11th Light Infantry Brigade

11th Light Infantry Brigade

The 11th Infantry Brigade was originally organized in the Regular Army on December 4, 1917 at Camp Forrest, Georgia, as an element of the 6th Division and served as part of the division during World War I.  The brigade was credited with two campaign participations during World War I:  Alsace 1918 and Muese-Agronne.

After inactivation in 1921, the 11th Brigade was assigned on inactive status.  The 11th Brigade was reconstituted on April 15, 1966 as a Regular Army unit, and was reactivated on July 1, 1966 at Schofield Barracks, Hawaii.  Under the new organization, the 11th Brigade consisted of the following units:

Beginning in early 1967, the brigade trained extensively in jungle operations in preparation for commitment to Vietnam.  To stress realism in the Vietnam-oriented tactical training, the brigade conducted "live-fire' operations in the rugged, thickly-vegetated terrain of the Koolau Mountains on the island of Oahu.

The advance party, consisting of 350 personnel with representation from all brigade units, departed Hawaii by aircraft on November 28, 1967, for Duc Pho, Quang Ngai Province, I Corps Tactical Zone, Republic of Vietnam.

Prior to joining the Americal Division, intensive in-country training was conducted for a month.  Upon completion of this training, the 11th Infantry Brigade moved from Landing Zone Carentan to their permanent base camp at Landing Zone Bronco, near Duc Pho, in late January 1968.  A fourth infantry battalion, the 4th Battalion, 21st Infantry, joined the "Jungle Warriors" in April 1968. Successful operations during this time included Operation Norfolk Victory, Champagne Grove, and Vernon Lake II.  During these operations, the brigade succeeded in destroying the enemy's major bases of operation, weapons and munition caches, rice and salt caches, and interdicting his major infiltration and logistical routes.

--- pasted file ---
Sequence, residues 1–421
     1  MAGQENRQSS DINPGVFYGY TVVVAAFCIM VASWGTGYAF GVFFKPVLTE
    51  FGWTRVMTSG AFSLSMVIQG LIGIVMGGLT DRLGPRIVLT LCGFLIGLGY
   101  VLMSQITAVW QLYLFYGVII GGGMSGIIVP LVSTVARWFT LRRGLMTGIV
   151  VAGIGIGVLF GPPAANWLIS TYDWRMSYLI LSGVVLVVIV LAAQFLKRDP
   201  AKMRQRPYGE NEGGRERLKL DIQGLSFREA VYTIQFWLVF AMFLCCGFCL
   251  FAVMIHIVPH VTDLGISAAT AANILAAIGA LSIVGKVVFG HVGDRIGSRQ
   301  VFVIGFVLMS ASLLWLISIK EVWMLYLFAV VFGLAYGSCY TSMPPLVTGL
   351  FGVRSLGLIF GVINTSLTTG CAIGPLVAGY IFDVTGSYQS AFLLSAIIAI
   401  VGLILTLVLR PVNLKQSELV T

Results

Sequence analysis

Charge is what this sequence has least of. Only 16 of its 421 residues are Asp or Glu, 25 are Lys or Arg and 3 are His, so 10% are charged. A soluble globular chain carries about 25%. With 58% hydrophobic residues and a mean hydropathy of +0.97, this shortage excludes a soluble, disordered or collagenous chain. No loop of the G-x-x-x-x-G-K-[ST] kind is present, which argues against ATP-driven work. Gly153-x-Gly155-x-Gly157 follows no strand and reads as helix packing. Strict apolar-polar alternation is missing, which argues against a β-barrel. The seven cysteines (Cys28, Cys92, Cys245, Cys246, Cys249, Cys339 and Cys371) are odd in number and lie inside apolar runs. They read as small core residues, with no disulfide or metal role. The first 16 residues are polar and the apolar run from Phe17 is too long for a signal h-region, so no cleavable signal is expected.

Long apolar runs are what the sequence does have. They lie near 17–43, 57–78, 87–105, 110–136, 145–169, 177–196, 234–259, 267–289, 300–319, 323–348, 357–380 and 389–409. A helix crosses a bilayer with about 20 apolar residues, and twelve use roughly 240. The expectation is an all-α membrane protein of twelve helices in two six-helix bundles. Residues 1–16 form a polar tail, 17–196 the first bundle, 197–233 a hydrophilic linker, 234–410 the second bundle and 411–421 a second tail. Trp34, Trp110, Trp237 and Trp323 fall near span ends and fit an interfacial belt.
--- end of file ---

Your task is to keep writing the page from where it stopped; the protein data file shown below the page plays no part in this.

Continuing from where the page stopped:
The 11th Infantry Brigade operated from five forward fire support bases, each strategically located to hinder the enemy's movement and interdict his traditional lines of infiltration.

Source: the americal division, "under the southern cross" - published by the U.S. Army in 1971.

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